COLOMBO (Reuters Life!) - Dozens of former child soldiers who have known little expect war in Sri Lanka are being given a chance to reintegrate into society through the country's favorite sport -- cricket.
The Sri Lankan government, along with international agencies including the U.N. children's fund UNICEF, recently launched a cricket program to rehabilitate the young fighters who once battled among the ranks of the Tamil Tigers separatist movement.
These young fighters surrendered or were captured after the decades-old war ended last year, and now live in camps on the outskirts of Colombo, where they are being given vocational training and the chance of an education.
"Our athletic talents were stunted when we were young. At the camp, UNICEF came to us and encouraged us to play cricket. We have learned a lot through this program," Gopi, a 16-year-old former fighter, told Reuters.
"We can even make good coaches for the younger generation in the future," she said, refusing to give her full name or even show her face to reporters.
Dubbed "Cricket for Change," the program so far has 24 students. Eighteen former combatants graduated as Cricket Peer Leaders after a week's training.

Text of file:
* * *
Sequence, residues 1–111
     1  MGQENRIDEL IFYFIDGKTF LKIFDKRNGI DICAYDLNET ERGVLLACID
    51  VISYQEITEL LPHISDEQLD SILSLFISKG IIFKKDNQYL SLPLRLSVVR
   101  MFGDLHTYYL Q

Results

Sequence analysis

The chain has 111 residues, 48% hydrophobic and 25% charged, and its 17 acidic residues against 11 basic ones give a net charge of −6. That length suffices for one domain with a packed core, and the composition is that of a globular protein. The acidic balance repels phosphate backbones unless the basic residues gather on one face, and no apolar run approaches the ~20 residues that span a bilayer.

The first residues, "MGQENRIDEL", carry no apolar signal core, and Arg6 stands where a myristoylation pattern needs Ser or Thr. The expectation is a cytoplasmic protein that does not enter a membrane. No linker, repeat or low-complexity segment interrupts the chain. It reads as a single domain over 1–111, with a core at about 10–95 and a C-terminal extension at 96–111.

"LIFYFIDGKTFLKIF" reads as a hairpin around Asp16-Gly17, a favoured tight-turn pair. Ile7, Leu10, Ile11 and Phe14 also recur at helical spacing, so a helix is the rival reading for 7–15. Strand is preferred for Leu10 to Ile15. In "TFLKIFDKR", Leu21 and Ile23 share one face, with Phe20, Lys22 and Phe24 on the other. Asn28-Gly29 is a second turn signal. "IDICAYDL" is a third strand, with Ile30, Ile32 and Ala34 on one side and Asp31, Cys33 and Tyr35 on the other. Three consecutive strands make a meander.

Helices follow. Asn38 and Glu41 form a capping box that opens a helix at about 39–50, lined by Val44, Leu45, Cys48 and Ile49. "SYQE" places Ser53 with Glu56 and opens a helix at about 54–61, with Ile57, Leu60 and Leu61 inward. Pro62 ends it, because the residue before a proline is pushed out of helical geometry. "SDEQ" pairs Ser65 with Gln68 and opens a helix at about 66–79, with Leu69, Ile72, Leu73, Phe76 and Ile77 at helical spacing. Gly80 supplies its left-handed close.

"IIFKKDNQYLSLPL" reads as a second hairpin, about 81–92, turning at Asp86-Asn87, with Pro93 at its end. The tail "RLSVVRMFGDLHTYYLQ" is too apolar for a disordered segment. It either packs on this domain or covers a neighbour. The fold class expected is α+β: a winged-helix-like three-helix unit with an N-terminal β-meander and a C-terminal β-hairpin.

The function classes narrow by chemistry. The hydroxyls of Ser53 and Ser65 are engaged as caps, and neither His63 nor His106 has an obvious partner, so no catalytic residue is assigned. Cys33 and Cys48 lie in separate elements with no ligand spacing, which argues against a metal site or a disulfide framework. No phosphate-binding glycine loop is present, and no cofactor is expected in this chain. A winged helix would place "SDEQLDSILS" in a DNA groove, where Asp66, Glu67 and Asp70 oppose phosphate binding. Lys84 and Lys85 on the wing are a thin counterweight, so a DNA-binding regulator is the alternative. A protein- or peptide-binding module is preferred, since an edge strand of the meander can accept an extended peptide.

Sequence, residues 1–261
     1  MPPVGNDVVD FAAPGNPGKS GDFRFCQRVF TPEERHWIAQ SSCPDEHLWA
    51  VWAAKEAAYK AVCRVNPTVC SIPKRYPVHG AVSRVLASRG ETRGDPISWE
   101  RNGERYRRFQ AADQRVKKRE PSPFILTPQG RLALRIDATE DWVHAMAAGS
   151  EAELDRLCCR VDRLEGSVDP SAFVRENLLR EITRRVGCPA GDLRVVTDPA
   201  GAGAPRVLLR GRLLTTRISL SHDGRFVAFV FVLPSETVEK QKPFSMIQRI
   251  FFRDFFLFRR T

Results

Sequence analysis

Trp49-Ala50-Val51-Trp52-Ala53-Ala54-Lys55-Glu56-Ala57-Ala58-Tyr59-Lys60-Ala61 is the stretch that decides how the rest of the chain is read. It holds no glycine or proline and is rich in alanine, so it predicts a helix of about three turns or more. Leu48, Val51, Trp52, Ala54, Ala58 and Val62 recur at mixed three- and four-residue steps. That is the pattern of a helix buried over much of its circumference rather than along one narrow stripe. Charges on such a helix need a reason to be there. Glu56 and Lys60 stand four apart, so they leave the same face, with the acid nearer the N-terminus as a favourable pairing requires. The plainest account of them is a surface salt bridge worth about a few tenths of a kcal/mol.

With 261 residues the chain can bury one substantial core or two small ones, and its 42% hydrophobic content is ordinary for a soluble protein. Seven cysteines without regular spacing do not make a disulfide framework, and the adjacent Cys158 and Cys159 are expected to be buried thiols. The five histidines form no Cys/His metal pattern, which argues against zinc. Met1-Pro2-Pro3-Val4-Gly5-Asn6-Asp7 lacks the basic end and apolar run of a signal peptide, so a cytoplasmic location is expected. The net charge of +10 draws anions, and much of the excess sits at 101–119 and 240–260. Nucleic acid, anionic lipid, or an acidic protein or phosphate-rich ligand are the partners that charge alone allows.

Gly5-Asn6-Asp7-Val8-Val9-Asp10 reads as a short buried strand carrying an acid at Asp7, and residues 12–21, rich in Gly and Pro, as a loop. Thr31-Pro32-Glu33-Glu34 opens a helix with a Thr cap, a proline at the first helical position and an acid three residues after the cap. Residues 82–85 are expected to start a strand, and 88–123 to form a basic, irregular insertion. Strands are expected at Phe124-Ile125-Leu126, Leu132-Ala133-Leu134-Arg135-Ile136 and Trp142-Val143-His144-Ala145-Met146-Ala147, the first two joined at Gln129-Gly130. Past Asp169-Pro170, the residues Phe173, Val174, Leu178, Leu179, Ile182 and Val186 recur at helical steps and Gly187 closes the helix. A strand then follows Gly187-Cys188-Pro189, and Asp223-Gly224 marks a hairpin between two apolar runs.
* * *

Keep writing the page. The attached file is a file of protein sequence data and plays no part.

International child protection agencies and the Sinhalese-led government had accused the Tamil Tigers of recruiting thousands of children to fight, some of them by force. The Tamil Tigers denied the accusations.
Sri Lanka Cricket, the sport's national body, teamed up with UNICEF, the International Cricket Council (ICC) and several ministries to launch the program, which aims to promote cricket not only for children formerly associated with armed groups, but to other disadvantaged youth as well.
"These young people have acquired new skills, learned the importance of team work and partnership. They have embraced values of trust respect and fair play," said Philippe Duamelle, UNICEF's representative for Sri Lanka.
The 25-year-war between the Sri Lankan government and the separatist Liberation Tigers of Tamil Eelam (LTTE) ended when the government claimed victory in May last year.
The United Nations estimates that between 80,000 and 100,000 people died in the conflict which erupted in earnest in 1983 when the Tigers began to fight for a separate state for Sri Lanka's minority Tamils in the island's north and east.
Editing by Miral Fahmy